In Juliet’s soliloquy from act 3 of Shakespeare’s Romeo and Juliet, Juliet is eagerly awaiting Romeo’s arrival. She married Romeo in secret earlier that day, and they will spend the night together. The imagery used in this soliloquy reflects her great impatience for night to hurry up and arrive, so she can finally be with Romeo:
Gallop apace, you fiery-footed steeds,
Towards Phoebus’ lodging!
She calls on horses of the sun god Phoebus to finish dragging the sun across the sky in order for night to arrive. Once the cover of night arrives, she and Romeo will be hidden and can finally be together. She personifies night as a “sober-suited matron all in black,” and she wants to ask this matron:
How to lose a match
Played for a pair of stainless maidenhoods.
She wants to lose her virginity to Romeo. Expressing this sexual desire makes her blush, and so she asks that night also cover that “unmanned blood, bating in my cheeks” until she can feel comfortable with her desires.
She then calls on Romeo. “Come night. Come, Romeo. Come, thou day in night.” This repetition emphasizes her urgent desire, as she continues to call, “Come, gentle night, come, loving, black-browed night.”
In the middle of the soliloquy, her thoughts suddenly shift to death:
When he shall die
Take him and cut him out in little stars
And he will make the face of heaven so fine
That all the world will be in love with night
And pay no worship to the garish sun.
This use of light and dark imagery recalls earlier scenes, such as act 1, scene 2, when the Montagues are describing their depressed son, who locks himself in his dark room, making himself an “artificial night.” It also recalls the balcony scene, when Romeo sees Juliet and compares her to the sun, saying she is the brightest thing in the heavens, unlike the “envious moon.” Her eyes are brighter than the stars, which have “entreated” her eyes to twinkle in their place. Romeo and Juliet see each other’s beauty as overwhelming the heavens.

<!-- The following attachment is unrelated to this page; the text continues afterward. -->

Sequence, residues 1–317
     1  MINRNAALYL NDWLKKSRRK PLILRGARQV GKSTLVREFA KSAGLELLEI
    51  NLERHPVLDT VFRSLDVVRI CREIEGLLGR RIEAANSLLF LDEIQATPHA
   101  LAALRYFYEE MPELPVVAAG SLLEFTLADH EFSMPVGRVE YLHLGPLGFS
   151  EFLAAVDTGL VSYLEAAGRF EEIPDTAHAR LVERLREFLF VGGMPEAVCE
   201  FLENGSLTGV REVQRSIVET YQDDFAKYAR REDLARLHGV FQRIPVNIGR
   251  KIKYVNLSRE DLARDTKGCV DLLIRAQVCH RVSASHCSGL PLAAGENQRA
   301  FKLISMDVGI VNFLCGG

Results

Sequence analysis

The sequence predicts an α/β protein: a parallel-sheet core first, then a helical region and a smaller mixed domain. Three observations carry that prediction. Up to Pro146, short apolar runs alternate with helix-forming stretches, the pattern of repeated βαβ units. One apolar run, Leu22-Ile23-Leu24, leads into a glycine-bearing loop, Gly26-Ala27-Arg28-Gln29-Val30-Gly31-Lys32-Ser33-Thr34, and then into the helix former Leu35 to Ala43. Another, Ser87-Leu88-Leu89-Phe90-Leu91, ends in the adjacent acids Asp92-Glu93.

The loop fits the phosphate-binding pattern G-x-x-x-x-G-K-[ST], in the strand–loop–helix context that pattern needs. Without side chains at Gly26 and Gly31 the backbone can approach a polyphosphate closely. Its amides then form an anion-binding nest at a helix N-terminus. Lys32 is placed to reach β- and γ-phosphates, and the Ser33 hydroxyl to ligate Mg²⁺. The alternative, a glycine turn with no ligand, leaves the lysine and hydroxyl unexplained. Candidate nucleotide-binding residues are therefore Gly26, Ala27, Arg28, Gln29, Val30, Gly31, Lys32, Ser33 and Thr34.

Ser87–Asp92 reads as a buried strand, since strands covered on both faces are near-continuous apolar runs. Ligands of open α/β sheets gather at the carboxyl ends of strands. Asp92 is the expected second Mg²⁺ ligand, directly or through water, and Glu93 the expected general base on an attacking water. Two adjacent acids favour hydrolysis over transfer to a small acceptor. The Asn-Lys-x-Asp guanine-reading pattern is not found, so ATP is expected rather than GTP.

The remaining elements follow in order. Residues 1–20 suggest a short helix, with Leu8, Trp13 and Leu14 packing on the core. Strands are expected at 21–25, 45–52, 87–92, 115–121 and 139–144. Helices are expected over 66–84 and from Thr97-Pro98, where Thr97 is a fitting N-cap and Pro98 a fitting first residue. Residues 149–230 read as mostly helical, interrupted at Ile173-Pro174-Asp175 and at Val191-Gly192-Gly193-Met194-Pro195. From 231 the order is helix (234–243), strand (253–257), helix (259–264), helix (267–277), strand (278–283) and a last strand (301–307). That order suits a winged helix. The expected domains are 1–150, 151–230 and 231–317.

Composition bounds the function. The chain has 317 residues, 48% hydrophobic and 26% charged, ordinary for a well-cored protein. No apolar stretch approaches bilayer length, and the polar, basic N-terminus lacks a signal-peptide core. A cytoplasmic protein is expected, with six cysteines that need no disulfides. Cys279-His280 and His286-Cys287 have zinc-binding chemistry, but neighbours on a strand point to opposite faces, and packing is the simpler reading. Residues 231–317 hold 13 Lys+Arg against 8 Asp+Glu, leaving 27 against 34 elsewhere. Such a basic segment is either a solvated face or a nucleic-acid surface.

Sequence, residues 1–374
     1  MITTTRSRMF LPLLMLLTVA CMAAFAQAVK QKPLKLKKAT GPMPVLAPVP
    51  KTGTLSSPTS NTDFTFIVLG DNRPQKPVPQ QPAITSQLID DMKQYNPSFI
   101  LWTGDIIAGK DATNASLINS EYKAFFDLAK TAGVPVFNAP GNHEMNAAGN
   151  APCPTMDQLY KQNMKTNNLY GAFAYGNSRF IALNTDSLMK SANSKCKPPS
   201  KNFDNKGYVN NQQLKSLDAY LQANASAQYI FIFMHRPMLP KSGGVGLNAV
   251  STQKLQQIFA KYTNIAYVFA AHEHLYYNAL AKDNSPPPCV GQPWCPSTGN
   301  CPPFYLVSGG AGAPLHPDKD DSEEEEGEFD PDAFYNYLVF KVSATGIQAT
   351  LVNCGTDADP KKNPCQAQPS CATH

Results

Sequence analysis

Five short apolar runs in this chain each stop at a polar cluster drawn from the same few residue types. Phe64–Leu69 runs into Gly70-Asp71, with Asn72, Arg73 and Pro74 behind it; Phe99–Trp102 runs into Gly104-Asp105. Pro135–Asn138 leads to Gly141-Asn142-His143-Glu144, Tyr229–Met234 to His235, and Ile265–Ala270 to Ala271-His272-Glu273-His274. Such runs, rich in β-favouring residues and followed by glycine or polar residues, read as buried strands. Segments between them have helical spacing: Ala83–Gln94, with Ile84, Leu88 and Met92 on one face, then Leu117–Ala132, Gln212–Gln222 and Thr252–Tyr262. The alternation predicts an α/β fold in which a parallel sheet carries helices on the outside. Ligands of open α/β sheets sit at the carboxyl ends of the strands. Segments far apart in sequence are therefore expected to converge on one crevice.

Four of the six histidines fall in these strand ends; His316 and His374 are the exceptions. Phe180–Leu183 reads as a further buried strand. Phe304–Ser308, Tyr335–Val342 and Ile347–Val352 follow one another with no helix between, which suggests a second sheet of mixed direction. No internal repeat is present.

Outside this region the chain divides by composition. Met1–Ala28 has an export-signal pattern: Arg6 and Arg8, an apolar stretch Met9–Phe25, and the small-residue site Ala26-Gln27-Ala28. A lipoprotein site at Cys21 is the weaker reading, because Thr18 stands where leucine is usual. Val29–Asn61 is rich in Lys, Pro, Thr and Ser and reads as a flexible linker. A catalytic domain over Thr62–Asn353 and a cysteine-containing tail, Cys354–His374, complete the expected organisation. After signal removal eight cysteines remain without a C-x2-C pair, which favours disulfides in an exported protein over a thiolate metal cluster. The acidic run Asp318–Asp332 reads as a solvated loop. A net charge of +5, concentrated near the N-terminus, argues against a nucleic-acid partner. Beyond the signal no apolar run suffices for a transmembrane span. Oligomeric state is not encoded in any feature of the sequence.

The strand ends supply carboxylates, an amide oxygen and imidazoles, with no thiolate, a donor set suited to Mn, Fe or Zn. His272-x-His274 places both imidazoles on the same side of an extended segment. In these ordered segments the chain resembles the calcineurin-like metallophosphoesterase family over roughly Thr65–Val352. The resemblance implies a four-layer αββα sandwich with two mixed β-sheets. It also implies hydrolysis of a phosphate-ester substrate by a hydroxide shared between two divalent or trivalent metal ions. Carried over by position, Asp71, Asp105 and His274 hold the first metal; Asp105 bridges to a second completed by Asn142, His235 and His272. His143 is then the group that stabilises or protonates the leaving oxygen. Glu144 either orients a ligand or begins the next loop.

The soliloquy closes with the image of Juliet as
... an impatient child that hath new robes
And may not wear them.
She is married, but she has not enjoyed the physical pleasures that marriage offers.
The irony is that Juliet, in her feverish excitement, has no idea what has happened. The nurse enters after this speech with the devastating news of the fight between Tybalt and Romeo, which has resulted in the death of her cousin and the banishment of her husband. Everything has changed.
Juliet is anxiously awaiting her wedding night with Romeo. She wants the darkness to come quickly - she wants the sun god, Phoebus, to quickly get out of the sky, to "bring in cloudy night immediately." Her impatience is demonstrative of her youth:
"So tedious is this day As is the night before some festival To an impatient child that hath new robes And may not wear them." (Act III, scene ii)